Uncertainties related to climate engineering limit its use in curbing climate change
Climate engineering refers to the systematic, large-scale modification of the environment using various climate intervention techniques.
Public holds polarized views about climate change and trust in climate scientists
There are gaping divisions in Americans' views across every dimension of the climate debate, including causes and cures for climate change and trust in climate scientists and their research, according to a new Pew Research Center survey.
Incubating climate change
A group of James Cook University scientists led by Emeritus Professor Ross Alford has designed and built an inexpensive incubator that could boost research into how animals and plants will be affected by climate change.
And the Oscar goes to ... climate change
New research finds that Tweets and Google searches about climate change set new record highs after Leonardo DiCaprio's Academy Awards acceptance speech, suggesting celebrity advocacy for social issues on a big stage can motivate popular engagement.
Cod and climate
Researchers use the North Atlantic Oscillation as a predictive tool for managing an iconic fishery.
What hibernating toads tell us about climate
The ability to predict when toads come out of hibernation in southern Canada could provide valuable insights into the future effects of climate change on a range of animals and plants.
Maryland climate and health report identifies state's vulnerabilities to climate change
A new report by the University of Maryland School of Public Health and the Maryland Department of Health and Mental Hygiene details the impacts of climate change on the health of Marylanders now and in the future.

Related Climate Reading:

The Climate Chronicles: Inconvenient Revelations You Won't Hear From Al Gore--And Others
by Joe Bastardi (Author)

The Politically Incorrect Guide to Climate Change (The Politically Incorrect Guides)
by Marc Morano (Author)

Climate Change: What Everyone Needs to Know®
by Joseph Romm (Author)

This Changes Everything: Capitalism vs. The Climate
by Naomi Klein (Author)

A Global Warming Primer: Answering Your Questions About The Science, The Consequences, and The Solutions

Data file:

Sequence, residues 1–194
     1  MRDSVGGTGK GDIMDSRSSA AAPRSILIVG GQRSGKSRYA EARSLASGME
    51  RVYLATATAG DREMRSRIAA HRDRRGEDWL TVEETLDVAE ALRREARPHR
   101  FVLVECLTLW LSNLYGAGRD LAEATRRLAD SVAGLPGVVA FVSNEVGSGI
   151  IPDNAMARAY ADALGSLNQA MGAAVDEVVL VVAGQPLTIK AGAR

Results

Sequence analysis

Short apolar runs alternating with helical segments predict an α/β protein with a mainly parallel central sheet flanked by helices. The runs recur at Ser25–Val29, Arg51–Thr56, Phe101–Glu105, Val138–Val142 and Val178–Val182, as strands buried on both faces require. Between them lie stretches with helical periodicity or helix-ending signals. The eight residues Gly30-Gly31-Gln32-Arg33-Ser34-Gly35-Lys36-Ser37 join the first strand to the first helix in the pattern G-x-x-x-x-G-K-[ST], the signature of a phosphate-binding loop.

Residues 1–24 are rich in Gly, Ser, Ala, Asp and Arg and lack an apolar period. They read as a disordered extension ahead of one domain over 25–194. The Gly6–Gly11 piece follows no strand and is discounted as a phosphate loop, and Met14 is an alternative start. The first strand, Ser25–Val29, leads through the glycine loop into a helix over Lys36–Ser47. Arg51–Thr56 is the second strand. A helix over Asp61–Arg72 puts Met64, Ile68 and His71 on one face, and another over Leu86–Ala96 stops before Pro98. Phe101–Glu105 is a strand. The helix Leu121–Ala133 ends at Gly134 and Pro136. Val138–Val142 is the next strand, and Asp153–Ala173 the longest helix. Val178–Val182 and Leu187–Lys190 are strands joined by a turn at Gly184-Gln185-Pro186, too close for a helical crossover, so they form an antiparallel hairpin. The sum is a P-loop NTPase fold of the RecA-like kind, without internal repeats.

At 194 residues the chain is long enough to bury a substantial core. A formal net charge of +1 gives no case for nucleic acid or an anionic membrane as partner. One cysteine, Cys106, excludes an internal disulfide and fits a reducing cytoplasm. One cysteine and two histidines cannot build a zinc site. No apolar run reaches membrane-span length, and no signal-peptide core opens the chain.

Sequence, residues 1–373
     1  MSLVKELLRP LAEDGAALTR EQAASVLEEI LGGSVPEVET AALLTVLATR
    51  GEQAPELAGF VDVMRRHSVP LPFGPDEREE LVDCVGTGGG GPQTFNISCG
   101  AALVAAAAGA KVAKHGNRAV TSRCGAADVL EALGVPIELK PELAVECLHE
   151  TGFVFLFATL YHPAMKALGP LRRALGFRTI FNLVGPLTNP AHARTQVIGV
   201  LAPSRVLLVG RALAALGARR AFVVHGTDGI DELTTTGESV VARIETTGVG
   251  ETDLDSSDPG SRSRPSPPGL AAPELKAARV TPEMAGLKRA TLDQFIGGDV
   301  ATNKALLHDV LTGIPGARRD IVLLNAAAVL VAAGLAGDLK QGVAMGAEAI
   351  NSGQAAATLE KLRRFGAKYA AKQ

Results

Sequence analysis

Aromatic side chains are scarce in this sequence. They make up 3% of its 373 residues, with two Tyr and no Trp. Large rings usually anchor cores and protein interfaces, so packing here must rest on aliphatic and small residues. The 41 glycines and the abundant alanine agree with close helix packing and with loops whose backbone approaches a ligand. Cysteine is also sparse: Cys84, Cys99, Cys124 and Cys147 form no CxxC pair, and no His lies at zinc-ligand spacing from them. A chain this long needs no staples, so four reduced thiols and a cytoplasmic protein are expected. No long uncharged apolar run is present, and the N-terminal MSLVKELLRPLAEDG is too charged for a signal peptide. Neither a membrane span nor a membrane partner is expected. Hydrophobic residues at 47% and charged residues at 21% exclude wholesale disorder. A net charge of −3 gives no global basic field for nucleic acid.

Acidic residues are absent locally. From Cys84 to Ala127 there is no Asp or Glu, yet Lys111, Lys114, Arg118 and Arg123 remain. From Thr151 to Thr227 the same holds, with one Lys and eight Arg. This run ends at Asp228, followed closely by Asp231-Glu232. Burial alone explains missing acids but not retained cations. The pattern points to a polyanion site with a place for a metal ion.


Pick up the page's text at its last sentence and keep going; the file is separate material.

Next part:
by Jeffrey Bennett (Author)

How Culture Shapes the Climate Change Debate
by Andrew J. Hoffman (Author)

The Thinking Person's Guide to Climate Change
by Robert Henson (Author)

Climate (Science Readers: Content and Literacy)
by Teacher Created Materials (Author)

Dire Predictions, 2nd Edition: Understanding Climate Change
by Michael E. Mann (Author), Lee R. Kump (Author)

Lyme: The First Epidemic of Climate Change
by Mary Beth Pfeiffer (Author)

Best Science Podcasts 2018

We have hand picked the best science podcasts for 2018. Sit back and enjoy new science podcasts updated daily from your favorite science news services and scientists.
Now Playing: TED Radio Hour

The Right To Speak
Should all speech, even the most offensive, be allowed on college campuses? And is hearing from those we deeply disagree with ... worth it? This hour, TED speakers explore the debate over free speech. Guests include recent college graduate Zachary Wood, political scientist Jeffrey Howard, novelist Elif Shafak, and journalist and author James Kirchick.
Now Playing: Science for the People

#486 Volcanoes
This week we're talking volcanoes. Because there are few things that fascinate us more than the amazing, unstoppable power of an erupting volcano. First, Jessica Johnson takes us through the latest activity from the Kilauea volcano in Hawaii to help us understand what's happening with this headline-grabbing volcano. And Janine Krippner joins us to highlight some of the lesser-known volcanoes that can be found in the USA, the different kinds of eruptions we might one day see at them, and how damaging they have the potential to be. Related links: Kilauea status report at USGS A beginner's guide to Hawaii's otherworldly...